Last night, the Federal government unveiled their budget for the coming year. The old days of "smokes are up, beer is up" are well behind us with the government's economic centrepiece now a collection of promises and wishes that are meant somehow to make us feel better about today and have confidence in tomorrow. This year, there were plenty of tech angles in the budget. Here are my five highlights.
Tagged With census fail
Remember the #censusfail incident last year when millions of Australians were unable to fill out the mandatory Census online because the website was slammed by a distributed denial-of-service (DDoS) attack? It appears the ABS was overconfident about the website's ability to fend of a DDoS attack.
Predicting the future is near impossible -- but that doesn‘t stop us all from having a red hot go. Human beings have been predicting the future since the beginning of history and the results range from the hilarious to the downright uncanny.
One thing all future predictions have in common: they‘re rooted in our current understanding of how the world works. It‘s difficult to escape that mindset. We have no idea how technology will evolve, so our ideas are connected to the technology of today.
IBM has been thrown under the bus ever since #CensusFail happened back in August. Big Blue was the IT contractor that was hired to run the Census website, which went down for nearly two days after being hit by repeated distributed denial of service (DDoS) attacks. IBM's upstream provider for the Census, Nextgen, has since came out and accused IBM of refusing DDoS protection when it offered. IBM has admitted that it did indeed reject Nextgen's DDoS protection solution, and here's why.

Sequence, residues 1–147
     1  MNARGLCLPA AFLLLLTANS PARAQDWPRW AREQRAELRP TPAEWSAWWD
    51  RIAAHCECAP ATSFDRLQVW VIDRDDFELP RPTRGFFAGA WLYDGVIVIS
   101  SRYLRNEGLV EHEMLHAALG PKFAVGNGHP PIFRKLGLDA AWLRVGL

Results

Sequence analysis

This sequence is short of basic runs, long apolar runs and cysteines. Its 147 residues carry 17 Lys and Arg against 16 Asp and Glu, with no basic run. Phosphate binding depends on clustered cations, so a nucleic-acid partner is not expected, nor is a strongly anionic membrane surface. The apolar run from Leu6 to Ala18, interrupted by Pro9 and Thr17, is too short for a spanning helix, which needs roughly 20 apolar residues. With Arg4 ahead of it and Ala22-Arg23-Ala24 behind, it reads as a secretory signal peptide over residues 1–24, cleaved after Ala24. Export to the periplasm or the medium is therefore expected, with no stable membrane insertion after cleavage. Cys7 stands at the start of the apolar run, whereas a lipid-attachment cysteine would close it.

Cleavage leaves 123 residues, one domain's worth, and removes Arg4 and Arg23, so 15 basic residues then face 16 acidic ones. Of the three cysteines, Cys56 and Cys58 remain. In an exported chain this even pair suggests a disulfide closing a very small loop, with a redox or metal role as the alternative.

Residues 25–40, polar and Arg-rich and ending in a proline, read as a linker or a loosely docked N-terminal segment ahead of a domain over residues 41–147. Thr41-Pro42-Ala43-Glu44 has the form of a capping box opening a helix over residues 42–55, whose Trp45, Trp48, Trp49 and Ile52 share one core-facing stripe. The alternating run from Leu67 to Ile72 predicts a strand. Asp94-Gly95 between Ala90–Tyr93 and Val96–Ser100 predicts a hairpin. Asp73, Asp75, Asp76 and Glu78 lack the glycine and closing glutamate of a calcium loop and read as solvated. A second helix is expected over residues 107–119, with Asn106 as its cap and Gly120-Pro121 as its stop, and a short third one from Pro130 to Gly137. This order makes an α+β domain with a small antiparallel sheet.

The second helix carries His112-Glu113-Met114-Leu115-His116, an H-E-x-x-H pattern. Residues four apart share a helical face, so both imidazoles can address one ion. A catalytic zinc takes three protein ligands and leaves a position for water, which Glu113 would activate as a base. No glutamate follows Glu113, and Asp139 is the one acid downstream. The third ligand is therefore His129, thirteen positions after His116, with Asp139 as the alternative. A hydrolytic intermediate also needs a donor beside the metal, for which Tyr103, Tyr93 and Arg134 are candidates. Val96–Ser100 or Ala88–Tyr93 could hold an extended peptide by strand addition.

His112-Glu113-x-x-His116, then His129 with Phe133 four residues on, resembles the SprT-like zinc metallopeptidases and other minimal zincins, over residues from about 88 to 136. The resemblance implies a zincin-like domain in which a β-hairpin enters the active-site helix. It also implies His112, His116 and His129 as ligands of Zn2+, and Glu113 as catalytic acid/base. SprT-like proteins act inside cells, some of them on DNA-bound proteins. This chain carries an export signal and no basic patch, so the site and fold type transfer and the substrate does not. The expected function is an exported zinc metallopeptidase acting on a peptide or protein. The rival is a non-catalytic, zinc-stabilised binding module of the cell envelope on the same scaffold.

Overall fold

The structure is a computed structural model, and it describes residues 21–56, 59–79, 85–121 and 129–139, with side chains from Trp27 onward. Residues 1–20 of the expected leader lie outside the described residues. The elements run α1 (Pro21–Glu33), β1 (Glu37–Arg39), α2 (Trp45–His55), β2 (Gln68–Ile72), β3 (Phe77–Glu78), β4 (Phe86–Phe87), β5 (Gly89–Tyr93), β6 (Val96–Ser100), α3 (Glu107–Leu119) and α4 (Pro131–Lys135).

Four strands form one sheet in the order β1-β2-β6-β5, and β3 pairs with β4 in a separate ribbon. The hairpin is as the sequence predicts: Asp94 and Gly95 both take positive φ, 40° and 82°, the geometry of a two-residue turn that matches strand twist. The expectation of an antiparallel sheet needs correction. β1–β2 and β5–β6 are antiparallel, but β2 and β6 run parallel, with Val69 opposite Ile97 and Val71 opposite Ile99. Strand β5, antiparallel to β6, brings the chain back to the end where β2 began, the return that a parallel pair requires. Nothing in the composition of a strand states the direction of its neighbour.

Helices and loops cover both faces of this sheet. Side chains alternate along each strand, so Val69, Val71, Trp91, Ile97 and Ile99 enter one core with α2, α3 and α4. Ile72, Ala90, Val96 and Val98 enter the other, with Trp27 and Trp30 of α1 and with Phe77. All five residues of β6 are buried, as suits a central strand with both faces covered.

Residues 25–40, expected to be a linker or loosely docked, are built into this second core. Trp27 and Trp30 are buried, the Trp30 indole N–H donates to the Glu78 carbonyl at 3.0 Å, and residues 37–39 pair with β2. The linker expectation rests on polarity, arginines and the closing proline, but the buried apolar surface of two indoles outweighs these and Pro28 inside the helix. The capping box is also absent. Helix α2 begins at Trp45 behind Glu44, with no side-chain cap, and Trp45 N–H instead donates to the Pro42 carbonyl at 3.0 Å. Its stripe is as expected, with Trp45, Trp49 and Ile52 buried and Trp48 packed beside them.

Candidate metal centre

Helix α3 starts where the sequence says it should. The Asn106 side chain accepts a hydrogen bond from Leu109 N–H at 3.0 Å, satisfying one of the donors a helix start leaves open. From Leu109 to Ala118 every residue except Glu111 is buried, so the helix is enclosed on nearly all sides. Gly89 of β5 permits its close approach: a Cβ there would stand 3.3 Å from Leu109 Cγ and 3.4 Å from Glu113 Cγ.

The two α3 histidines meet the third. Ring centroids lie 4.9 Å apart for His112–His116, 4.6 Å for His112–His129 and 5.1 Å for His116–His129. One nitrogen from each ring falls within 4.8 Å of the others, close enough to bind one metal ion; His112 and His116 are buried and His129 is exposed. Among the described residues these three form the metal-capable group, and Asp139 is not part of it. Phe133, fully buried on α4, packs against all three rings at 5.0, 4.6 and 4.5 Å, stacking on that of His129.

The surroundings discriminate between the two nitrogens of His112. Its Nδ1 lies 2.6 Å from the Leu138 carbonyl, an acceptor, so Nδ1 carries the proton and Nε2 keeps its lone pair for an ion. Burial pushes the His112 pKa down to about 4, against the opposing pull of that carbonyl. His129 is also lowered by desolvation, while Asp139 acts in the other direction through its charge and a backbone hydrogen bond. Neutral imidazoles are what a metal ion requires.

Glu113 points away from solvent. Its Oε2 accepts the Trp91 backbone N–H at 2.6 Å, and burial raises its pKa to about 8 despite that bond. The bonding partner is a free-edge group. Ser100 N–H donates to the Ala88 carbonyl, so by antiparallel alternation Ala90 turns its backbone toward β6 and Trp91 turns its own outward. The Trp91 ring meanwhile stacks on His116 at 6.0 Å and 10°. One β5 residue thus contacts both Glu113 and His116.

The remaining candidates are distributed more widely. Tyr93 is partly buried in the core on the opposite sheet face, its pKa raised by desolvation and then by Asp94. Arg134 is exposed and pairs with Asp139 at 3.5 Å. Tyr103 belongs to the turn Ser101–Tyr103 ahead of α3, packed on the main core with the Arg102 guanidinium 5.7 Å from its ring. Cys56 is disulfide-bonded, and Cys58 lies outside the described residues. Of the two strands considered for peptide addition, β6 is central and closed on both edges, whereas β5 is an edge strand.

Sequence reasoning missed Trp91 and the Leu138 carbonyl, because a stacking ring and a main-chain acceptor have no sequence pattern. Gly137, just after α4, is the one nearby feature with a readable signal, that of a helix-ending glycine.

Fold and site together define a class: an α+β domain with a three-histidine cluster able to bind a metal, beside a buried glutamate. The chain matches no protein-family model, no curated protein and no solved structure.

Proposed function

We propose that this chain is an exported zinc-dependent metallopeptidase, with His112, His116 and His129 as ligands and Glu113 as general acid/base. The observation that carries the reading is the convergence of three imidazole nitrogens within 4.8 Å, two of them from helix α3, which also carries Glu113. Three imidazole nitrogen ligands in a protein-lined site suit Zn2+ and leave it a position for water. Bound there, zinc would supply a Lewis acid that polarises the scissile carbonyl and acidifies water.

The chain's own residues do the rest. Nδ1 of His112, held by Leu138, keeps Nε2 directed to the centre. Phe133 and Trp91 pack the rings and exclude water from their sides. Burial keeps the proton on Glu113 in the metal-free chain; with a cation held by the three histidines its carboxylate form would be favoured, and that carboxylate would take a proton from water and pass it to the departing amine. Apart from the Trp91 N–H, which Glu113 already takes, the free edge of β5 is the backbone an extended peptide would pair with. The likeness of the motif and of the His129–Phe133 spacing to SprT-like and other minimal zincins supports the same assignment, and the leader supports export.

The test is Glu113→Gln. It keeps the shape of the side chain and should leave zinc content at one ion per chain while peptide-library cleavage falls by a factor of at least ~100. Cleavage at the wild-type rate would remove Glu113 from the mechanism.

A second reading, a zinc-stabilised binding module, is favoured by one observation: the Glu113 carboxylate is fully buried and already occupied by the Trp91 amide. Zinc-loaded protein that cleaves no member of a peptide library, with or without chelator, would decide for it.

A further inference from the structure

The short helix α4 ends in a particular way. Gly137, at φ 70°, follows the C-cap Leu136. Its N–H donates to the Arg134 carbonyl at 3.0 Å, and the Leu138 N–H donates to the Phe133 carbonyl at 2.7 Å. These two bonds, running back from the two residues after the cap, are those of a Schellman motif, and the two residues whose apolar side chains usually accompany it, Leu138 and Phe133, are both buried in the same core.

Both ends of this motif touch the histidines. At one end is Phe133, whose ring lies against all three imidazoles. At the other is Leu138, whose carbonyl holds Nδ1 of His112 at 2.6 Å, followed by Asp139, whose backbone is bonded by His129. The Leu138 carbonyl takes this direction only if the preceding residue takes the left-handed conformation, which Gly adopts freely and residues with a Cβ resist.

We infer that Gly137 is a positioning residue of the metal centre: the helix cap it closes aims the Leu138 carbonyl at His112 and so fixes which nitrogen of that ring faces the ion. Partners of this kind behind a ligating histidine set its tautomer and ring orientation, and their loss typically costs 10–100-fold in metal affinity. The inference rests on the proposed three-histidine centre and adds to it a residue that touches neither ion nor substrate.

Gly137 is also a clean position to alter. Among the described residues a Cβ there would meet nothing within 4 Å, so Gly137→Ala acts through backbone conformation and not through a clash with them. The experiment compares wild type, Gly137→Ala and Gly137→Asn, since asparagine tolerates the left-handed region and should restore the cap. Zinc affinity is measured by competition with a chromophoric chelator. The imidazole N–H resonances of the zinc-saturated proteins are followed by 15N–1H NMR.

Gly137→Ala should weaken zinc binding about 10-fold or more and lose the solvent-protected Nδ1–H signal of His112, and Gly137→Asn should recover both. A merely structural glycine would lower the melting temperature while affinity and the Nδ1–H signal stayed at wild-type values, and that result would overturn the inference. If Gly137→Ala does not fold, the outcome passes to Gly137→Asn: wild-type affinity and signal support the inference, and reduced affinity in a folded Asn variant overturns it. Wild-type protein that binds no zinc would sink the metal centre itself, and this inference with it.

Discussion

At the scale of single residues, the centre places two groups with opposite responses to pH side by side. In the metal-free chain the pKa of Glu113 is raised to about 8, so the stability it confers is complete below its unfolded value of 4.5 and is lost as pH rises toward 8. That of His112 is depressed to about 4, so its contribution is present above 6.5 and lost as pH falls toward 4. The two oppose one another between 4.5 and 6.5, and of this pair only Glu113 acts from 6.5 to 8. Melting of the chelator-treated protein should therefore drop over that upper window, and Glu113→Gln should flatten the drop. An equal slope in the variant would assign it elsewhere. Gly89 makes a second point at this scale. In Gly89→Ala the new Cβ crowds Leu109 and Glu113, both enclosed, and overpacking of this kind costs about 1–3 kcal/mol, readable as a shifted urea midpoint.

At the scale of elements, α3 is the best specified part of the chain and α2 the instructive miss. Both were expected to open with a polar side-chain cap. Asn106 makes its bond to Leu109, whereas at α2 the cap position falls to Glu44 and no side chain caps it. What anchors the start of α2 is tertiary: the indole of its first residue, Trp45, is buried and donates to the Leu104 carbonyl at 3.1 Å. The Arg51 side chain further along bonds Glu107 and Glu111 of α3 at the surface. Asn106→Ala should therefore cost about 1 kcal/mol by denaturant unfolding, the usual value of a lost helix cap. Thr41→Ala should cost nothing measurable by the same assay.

This year's Census was nothing short of a spectacular debacle after the website where Australians were to fill out the survey went down for nearly two days. Last night, the Australian Bureau of Statistics (ABS) chief David Kalisch fronted the Senate Estimates in parliament to answer questions about the incident. We found out that the ABS will have to spend around $30 million to fix the damage. He also admitted that the ABS made a number of poor judgement calls for Census 2016. Here's what he had to say along with a recap of what has happened since the Census outage occurred two months ago.